As another dramatic example of the benefits of higher frequency, consider the XL375 from N2Power, Figure 2a, versus the XL275, Figure 2b; despite being rated 36% higher in output, the 3.3"×5.0"×1.5" (1U form factor) 375W unit (power density of 15W/in3) is just 0.3" longer than the 1.25"×3.00"×5.00" 275W supply (12W/in3>).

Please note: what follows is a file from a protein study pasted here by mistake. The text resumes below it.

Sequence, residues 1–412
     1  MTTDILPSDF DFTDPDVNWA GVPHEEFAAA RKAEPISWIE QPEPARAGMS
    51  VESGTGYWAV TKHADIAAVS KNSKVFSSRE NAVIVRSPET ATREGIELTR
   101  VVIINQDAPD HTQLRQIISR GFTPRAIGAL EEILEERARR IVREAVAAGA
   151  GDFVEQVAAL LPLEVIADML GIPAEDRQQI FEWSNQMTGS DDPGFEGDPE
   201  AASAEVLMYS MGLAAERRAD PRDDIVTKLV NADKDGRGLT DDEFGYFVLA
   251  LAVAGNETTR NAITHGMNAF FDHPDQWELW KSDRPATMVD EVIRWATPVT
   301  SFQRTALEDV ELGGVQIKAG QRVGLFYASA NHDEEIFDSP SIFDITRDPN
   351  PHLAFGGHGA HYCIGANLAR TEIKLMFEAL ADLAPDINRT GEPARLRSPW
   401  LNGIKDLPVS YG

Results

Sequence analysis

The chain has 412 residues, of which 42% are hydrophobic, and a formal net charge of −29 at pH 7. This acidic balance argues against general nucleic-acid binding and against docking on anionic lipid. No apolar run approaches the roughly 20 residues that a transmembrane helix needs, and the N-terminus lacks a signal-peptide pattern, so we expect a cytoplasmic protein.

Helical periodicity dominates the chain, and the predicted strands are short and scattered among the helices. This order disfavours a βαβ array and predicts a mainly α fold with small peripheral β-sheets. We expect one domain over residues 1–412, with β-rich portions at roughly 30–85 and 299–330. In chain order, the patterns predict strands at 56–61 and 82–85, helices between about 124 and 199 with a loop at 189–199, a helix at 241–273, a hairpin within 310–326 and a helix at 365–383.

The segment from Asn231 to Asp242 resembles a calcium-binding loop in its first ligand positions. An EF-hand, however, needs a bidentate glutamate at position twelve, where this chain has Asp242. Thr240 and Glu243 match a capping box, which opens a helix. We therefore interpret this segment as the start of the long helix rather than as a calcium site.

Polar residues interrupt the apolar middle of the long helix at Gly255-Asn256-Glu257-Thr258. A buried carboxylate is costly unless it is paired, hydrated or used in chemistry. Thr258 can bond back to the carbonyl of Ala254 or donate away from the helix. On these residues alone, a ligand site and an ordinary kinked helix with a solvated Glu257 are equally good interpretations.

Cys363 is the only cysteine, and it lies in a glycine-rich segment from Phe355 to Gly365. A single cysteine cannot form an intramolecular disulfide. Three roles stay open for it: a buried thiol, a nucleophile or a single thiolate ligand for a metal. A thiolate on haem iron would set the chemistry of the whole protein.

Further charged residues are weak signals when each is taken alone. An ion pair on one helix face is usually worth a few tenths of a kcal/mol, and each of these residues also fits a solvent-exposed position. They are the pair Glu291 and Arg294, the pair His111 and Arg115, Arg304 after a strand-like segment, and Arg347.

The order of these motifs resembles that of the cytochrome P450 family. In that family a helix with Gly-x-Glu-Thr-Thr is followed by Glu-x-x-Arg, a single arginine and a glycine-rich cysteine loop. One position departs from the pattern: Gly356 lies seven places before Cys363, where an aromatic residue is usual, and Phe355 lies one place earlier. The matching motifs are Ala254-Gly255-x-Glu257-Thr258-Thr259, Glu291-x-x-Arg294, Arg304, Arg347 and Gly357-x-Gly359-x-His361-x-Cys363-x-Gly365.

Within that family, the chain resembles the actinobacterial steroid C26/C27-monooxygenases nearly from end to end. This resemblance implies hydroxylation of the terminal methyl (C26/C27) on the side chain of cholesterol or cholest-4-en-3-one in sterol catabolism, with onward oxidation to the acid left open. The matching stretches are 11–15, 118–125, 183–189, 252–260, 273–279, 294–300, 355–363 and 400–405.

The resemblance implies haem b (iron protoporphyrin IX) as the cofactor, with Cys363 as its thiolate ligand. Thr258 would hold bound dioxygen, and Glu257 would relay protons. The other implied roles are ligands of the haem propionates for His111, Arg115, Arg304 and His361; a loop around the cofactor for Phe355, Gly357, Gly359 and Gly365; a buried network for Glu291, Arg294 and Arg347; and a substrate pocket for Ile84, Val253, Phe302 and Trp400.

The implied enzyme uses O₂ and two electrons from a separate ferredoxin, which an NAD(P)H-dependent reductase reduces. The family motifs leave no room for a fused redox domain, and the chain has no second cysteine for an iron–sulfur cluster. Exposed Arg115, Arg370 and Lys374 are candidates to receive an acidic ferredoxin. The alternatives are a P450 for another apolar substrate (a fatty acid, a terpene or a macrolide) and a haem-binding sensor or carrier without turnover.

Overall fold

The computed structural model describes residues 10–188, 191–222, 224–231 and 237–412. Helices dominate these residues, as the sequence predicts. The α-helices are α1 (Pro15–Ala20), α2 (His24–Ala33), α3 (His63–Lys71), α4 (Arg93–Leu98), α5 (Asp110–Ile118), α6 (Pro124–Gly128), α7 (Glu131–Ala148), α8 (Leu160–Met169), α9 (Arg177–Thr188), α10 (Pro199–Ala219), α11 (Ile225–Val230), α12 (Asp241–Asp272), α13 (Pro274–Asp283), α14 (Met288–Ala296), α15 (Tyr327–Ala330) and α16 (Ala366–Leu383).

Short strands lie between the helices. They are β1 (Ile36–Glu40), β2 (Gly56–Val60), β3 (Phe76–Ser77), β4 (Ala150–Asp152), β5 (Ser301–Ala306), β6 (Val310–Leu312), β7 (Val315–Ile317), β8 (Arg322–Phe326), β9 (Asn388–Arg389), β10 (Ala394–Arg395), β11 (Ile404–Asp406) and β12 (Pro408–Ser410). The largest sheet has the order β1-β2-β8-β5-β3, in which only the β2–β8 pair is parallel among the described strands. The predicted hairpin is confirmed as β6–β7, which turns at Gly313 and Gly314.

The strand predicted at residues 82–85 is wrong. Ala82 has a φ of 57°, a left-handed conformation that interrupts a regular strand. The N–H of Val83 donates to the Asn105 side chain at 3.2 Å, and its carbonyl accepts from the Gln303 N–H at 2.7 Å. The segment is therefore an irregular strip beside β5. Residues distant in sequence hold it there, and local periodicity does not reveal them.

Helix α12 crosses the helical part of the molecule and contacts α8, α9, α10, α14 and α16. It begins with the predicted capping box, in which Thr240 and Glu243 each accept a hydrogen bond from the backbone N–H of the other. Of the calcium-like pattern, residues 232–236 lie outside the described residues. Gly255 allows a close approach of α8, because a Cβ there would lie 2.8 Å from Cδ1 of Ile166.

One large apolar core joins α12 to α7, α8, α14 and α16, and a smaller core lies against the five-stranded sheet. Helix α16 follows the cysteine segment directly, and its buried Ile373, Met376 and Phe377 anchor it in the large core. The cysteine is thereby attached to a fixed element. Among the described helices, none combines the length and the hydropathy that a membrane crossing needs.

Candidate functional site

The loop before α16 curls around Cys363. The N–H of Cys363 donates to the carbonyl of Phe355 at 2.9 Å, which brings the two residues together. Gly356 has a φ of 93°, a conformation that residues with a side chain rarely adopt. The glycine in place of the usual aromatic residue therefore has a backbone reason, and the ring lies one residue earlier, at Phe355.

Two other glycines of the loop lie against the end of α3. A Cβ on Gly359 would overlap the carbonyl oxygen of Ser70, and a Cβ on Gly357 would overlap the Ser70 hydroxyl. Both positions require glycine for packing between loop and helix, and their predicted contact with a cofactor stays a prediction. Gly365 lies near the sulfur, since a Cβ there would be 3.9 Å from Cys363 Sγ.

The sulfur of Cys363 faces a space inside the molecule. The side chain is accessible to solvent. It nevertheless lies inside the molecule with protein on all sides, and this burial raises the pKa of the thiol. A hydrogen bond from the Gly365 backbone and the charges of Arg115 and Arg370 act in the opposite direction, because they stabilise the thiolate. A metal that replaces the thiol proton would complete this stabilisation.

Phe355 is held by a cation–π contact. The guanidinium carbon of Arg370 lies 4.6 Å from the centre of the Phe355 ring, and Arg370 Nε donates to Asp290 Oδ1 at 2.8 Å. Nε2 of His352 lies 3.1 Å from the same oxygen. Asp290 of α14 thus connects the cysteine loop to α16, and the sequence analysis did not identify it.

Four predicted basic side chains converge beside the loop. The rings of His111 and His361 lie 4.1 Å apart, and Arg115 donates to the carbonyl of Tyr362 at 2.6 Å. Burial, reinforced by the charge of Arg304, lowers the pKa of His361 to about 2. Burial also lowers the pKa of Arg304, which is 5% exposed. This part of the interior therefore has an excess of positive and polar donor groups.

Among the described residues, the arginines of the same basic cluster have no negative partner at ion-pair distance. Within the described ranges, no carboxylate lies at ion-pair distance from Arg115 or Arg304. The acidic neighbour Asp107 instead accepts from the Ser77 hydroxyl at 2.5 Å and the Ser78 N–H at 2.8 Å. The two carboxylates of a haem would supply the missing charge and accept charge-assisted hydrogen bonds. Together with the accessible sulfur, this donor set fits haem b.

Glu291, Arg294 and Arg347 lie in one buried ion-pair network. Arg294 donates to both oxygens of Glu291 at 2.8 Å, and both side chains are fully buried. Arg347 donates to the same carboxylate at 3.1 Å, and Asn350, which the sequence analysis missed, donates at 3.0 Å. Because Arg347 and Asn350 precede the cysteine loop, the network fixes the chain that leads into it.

What about "smarter" supplies? Active components also are playing a major role in the shrinking of supplies in several ways. IC vendors are developing better analog components for power management, especially helpful for complex functions such as PFC. The result is better accuracy and performance at both high and low line voltages. Early-generation PFC circuits could achieve power factor up to 0.99 (nearly a perfect unity value) at lower AC-line voltage of 90/110VAC, but the correction dropped to as low as 0.75 at 240VAC. Using the latest analog ICs, designs can now maintain high PFC across the full voltage range, leading to the need for fewer corrective components and thus smaller supply size. The most dramatic change for supplies architecture is the incorporation of digital control circuitry in the inner workings of the supply. In recent years, processors have been used in the secondary side of the supply to monitor key points and performance, to establish some operating parameters and to manage a communications interface port. But the primary-side control loop still remained analog. With the availability of high-performance, low-cost digital signal processors (DSPs), digital control now extends to the primary loop. This brings additional flexibility in control and operating points, of course, including on-the-fly adaptive control and dynamic operating changes. It also impacts size, by putting more of the control functions in less space, due to fewer needed ICs and passive components to implement the hardware control-loop strategy. For example, a supply using DSP control can do three-phase AC line control with about the same footprint as a single-phase unit. The DSP can also provide the required PFC with no further footprint penalty. Conclusion For switching AC/DC supplies, no single factor is responsible for shrinking physical size. An additive combination of the switch to smaller passives, smaller power MOSFETs and increased availability of customized magnetic components is the starting point. Add the enhancements which analog power IC vendors are offering, plus the radical architecture shift which DSP-based control brings and the result is that users are seeing shrinking supply size, but without penalties in performance or cost. N2Power